A Climate of Crisis by Patrick Allitt: Book Review
A Climate of Crisis was a good read, providing perspective on the dialogue and evolution of environmental progress in the United States. With all the noise on both sides of the climate debate today, the book was refreshingly balanced and prompted deeper discussion about trends in energy use and the economics of climate change. Doug’s expertise in energy distribution added to the substance of our discussion. We also enjoyed the book for its balance and its equal time toward both ends of the climate spectrum.
The book’s guts are a historical chronicling from early reactions to nuclear fallout to the most recent debate on climate change. The central theme is that change is possible in a democracy when voters perceive imminent crisis. Today’s shrill debate is exacerbated by the potential spending opportunities (follow the money) and the fact that many of the environmental pioneers of the 1960s are now in positions of influence.
Early in our discussion, Geoff asked, on a 1-10, where 1 is burn-baby-burn, 4 is counter environmental, 6 is wise use, and 10 is let's live like cave men, where are you? Chuck put himself at 3-5, Doug at 5-7, and Geoff 4-6 to 3-7, depending on which part of the environmental debates we're talking about.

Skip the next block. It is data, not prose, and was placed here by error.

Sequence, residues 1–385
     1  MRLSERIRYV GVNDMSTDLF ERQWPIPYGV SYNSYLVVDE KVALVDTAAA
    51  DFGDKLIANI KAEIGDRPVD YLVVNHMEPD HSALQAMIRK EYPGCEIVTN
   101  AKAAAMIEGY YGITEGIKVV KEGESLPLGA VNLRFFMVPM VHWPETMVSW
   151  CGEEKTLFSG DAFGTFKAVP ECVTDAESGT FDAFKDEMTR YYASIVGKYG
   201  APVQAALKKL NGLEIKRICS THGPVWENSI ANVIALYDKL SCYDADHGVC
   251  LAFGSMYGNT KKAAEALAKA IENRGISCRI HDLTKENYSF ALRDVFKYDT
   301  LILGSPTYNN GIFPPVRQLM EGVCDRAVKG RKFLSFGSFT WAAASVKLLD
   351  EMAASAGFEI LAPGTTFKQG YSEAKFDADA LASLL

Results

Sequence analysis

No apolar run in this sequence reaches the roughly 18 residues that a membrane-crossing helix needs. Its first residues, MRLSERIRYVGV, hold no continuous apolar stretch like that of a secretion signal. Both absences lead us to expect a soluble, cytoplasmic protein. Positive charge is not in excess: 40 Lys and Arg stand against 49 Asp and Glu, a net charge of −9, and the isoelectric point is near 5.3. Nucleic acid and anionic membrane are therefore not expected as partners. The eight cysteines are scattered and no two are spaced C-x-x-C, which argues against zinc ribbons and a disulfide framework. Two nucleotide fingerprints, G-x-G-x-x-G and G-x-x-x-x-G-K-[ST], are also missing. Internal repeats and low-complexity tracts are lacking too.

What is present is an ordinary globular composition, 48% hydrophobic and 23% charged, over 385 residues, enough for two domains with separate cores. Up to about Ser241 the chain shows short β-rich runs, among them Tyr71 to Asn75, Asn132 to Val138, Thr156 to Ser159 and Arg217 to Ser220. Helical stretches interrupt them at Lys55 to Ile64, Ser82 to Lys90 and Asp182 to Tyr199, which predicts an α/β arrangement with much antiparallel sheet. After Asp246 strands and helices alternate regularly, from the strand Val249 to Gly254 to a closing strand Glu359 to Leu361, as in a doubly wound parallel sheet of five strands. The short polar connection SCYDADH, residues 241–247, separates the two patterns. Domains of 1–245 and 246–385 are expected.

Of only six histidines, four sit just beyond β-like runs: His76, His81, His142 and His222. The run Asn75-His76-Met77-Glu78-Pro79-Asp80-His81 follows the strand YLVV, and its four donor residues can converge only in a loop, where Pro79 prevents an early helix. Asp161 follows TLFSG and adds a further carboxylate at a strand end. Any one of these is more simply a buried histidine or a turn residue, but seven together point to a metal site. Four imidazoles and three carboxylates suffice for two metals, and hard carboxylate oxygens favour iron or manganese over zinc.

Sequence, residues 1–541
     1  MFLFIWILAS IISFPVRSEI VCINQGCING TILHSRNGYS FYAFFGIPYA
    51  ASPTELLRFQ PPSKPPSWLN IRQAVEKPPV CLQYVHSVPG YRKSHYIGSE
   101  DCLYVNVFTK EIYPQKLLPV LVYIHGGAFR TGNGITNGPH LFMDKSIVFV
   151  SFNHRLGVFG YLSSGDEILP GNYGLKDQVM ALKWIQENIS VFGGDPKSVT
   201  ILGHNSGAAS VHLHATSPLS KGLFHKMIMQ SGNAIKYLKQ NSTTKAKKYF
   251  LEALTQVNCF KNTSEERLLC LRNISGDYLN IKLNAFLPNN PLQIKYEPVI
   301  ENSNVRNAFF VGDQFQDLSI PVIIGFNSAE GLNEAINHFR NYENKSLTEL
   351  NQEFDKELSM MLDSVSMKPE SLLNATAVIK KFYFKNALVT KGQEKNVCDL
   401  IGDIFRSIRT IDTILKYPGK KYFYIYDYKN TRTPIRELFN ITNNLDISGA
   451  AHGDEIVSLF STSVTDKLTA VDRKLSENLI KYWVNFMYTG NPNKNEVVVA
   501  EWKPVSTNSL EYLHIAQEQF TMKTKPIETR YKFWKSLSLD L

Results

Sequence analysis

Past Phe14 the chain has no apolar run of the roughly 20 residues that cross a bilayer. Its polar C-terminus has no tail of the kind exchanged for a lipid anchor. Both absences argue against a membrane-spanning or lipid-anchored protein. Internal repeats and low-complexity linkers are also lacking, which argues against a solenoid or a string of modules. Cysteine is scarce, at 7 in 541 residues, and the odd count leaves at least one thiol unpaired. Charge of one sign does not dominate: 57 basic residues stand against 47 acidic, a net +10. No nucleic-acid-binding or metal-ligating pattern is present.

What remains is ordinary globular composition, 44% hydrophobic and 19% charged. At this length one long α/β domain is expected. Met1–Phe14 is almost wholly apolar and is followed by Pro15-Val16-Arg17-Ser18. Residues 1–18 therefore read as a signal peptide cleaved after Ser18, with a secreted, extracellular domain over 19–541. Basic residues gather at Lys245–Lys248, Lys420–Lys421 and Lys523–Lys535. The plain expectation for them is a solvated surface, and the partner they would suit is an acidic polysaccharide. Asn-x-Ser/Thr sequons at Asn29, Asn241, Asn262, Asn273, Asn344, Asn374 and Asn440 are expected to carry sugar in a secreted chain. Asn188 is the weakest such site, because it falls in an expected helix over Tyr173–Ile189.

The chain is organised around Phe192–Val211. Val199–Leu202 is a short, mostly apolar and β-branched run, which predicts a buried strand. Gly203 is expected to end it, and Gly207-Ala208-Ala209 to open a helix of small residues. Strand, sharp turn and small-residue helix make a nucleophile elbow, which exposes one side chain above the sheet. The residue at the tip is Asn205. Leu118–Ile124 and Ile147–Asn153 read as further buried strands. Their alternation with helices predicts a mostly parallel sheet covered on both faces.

While early public reaction to nuclear testing was muted by a national security ethos, the 1960s saw a broadening of environmental awareness and activism as excessive pockets of pollution of air, water and land had gotten the stark attention of citizens. Seminal events such as chemical dump site Love Canal and a flaming river in Pennsylvania became flashpoints for a newly wealthy society. Environmental improvement is a luxury, achievable only after basic necessities are broadly available to citizens.
Capitalism is not necessarily the main problem, but when externalities such as pollution are not part of the cost of business, businesses will seek to keep those costs external. In an open and democratic wealthy society, where people are willing to pay for the externalities to have clean air and clean water, the costs can be imposed through laws and regulations. Hank Paulson's article from the NT Times that Chapin sent in promoting a high carbon tax is one example of charging for pricing externalities. Higher gas taxes such as are common in Europe is another. The problem with taxing externalities is the inefficient re-use of the tax revenue.
Chuck added that we should also quantify the external cost of keeping the Middle East open and oil flowing. Add our military and defense budgets dedicated to the Middle East over the past 20 years and the cost of energy externalities becomes something we shouldn’t ignore.
The book also forces us to ask the question: if the climate change prognosticators are right, what can we do now, and at what cost? And if they're wrong, how much will we as a society spend chasing something over which we have little control? The problem with climate models is that small changes on any of several variables can yield broad differences in results. Much measuring is imprecise, and where math models follow the numbers, projections are mathematically imprecise.